Men are more vulnerable to COVID-19 than women - and international researchers believe they may have found out why.
A study of thousands of patients across 11 European countries found men have higher concentrations of an enzyme, angiotensin-converting enzyme (ACE2), in their blood than women. Research has shown this enzyme helps SARS-CoV-2, the strain of coronavirus responsible for causing COVID-19, infect healthy cells.
The study, conducted by University of Groningen researchers in the Netherlands, has found new evidence to suggest why men with heart failure suffer more from COVID-19 than women.
The study, published in the European Heart Journal on Monday, found that heart failure patients taking drugs targeting the renin-angiotensin-aldosterone system (RAAS) - a hormone system responsible for regulating blood pressure, fluid and electrolyte balance - didn't have greater concentrations of the enzyme in their blood.
Some recent research suggests that drugs, such as RAAS inhibitors, may increase concentrations of the enzyme in plasma, therefore increasing the risk of COVID-19 for cardiovascular patients taking these drugs. However, the new study suggests this isn't the case.
Dr Adriaan Voors, a cardiology professor who led the study, says the enzyme binds to the coronavirus and allows it to enter and infect healthy cells, after it has been modified by another protein on the cell surface, TMPRSS2.
"High levels of ACE2 are present in the lungs and, therefore, it is thought to play a crucial role in the progression of lung disorders related to COVID-19," Voors said in a statement.
Voors and his team had already been studying differences in markers of disease in the blood between men and women before the COVID-19 outbreak.
"When we found that one of the strongest biomarkers, ACE2, was much higher in men than in women, I realised that this had the potential to explain why men were more likely to die from COVID-19 than women," Voors' colleague, Dr Iziah Sama, said.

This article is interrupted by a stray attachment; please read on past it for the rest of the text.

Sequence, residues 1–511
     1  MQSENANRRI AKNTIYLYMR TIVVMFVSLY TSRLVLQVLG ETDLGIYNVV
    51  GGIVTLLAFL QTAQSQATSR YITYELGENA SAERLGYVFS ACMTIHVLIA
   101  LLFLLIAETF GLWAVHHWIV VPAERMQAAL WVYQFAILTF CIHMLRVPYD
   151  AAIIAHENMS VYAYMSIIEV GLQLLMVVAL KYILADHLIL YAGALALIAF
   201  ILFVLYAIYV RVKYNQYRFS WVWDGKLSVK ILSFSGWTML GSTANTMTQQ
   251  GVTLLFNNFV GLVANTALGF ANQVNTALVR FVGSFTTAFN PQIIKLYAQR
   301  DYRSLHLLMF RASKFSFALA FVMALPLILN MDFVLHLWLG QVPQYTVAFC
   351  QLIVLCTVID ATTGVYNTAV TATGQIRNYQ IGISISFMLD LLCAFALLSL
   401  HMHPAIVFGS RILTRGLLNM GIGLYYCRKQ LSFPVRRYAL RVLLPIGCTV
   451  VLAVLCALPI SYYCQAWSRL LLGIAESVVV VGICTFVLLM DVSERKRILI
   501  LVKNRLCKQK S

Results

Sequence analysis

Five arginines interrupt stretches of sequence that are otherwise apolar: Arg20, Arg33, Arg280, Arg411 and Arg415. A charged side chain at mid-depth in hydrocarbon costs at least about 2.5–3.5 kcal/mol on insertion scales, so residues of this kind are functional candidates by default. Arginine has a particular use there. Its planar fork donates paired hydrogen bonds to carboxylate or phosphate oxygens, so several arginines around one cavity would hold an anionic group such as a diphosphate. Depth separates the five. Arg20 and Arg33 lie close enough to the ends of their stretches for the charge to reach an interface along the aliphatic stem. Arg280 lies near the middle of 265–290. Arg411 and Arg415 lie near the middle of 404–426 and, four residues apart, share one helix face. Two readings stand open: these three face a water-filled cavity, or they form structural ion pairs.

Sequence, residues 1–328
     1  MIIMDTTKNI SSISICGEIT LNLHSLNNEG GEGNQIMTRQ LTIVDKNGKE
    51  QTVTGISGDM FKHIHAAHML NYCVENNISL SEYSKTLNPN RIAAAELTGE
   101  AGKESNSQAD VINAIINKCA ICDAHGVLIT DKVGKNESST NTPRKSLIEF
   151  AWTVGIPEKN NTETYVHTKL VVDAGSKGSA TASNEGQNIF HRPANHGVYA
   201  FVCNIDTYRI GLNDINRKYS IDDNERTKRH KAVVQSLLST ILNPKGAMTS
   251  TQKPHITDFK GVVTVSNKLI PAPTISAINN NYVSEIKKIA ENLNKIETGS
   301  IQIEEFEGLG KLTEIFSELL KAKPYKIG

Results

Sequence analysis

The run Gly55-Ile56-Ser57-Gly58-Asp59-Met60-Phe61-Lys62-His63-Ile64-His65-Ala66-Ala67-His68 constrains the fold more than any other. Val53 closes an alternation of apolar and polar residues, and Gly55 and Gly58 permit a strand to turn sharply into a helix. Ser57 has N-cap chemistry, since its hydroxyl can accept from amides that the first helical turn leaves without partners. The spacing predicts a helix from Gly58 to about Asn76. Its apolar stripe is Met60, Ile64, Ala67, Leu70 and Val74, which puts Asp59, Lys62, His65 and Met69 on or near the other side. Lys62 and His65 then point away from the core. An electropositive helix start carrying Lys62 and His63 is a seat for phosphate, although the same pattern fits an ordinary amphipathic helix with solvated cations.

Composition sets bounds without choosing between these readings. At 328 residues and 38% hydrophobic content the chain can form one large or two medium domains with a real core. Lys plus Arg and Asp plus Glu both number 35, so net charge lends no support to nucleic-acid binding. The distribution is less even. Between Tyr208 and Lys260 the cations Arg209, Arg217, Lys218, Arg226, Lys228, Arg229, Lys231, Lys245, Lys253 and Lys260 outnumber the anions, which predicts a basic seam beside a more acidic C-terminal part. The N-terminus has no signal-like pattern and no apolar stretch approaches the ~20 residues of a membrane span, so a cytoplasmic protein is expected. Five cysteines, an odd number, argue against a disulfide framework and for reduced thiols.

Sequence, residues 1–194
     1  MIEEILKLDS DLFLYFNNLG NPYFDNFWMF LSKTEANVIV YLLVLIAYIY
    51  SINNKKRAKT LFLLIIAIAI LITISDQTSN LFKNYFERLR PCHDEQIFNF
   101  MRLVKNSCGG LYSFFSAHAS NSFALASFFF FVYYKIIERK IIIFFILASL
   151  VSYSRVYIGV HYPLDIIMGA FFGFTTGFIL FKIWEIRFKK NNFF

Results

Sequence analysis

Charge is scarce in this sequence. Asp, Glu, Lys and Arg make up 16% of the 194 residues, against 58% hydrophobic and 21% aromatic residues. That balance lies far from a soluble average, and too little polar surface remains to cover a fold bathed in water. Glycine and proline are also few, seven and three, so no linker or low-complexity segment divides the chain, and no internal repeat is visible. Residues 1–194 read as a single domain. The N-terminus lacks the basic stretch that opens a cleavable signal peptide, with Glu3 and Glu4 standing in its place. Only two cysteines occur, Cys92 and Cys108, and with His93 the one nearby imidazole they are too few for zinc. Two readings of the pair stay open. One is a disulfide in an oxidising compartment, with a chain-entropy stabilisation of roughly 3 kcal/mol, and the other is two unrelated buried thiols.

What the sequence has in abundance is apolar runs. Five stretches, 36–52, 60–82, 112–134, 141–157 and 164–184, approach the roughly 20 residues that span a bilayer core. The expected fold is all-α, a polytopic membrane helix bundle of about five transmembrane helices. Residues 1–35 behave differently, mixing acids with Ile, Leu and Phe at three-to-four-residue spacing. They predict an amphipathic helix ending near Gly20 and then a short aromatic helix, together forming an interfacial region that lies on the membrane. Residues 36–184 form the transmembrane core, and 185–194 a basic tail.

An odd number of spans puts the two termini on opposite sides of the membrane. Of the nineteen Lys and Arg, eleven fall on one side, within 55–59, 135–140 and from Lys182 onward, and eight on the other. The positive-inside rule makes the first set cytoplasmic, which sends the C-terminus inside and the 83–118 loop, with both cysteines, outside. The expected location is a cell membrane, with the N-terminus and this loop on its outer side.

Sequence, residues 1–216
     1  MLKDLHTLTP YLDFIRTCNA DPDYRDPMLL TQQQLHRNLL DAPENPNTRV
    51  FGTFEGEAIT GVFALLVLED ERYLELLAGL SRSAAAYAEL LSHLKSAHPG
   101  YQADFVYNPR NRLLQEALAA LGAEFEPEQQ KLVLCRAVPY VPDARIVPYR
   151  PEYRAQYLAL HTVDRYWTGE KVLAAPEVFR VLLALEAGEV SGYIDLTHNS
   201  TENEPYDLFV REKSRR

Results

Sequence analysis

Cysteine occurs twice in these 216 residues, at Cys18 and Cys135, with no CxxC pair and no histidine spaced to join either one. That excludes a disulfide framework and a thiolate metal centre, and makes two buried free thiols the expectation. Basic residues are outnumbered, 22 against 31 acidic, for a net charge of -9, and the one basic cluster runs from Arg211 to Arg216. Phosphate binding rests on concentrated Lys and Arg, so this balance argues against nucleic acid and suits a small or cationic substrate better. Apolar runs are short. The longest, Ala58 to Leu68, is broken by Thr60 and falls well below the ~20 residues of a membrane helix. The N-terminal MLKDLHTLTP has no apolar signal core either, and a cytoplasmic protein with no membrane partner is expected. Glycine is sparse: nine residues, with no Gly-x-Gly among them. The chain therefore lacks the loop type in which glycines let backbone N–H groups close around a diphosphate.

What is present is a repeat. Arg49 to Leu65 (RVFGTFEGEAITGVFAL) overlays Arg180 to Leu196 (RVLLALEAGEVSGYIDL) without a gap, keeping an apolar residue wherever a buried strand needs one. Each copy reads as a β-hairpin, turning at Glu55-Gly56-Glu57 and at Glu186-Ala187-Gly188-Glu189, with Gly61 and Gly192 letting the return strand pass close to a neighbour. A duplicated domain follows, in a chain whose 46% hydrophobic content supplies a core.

The researchers measured concentrations of the enzyme in blood samples taken from two groups of heart failure patients from 11 European countries. There were 1485 men and 537 women in the first group. The second group, consisting of 1123 male participants and 575 women, were used to validate the findings discovered in the first group. The average age of participants in the first group was 69 for men and 75 for women, and 74 and 76 in the second group respectively.
When the researchers analysed a number of clinical factors that could play a role in concentrations of the enzyme, including a history of chronic obstructive pulmonary disease and the use of various drugs, they found the male gender was the strongest predictor of elevated ACE2 levels.
"To the best of our knowledge, this is the first substantial study to examine the association between plasma ACE2 concentrations and the use of blockers of the renin-angiotensin-aldosterone system in patients with cardiovascular disease. We found no evidence that ACE inhibitors and ARBs [drugs] were linked to increased ACE2 concentrations in plasma," Voors said.
"The effect of MRAs on ACE2 concentrations is not clear, as the weak increase in concentrations in the validation cohort was not seen in the index cohort. Our findings do not suggest that MRAs should be discontinued in heart failure patients who develop COVID-19. They are a very effective treatment for heart failure and the hypothetical effects on viral infection should be weighed carefully against their proven benefits."
The enzyme is also found in the heart, kidneys and the tissues lining blood vessels, with particularly high levels in the testicals. The researchers think its presence in the testes may partially explain the higher concentrations in men - and why men are more vulnerable to COVID-19.
However, the researchers only measured ACE2 concentrations in plasma, not in tissues; concentrations of the enzyme in lung tissue is thought to be significant regarding viral infections, not ACE2 in the blood. This has been recognised as a limitation of the study.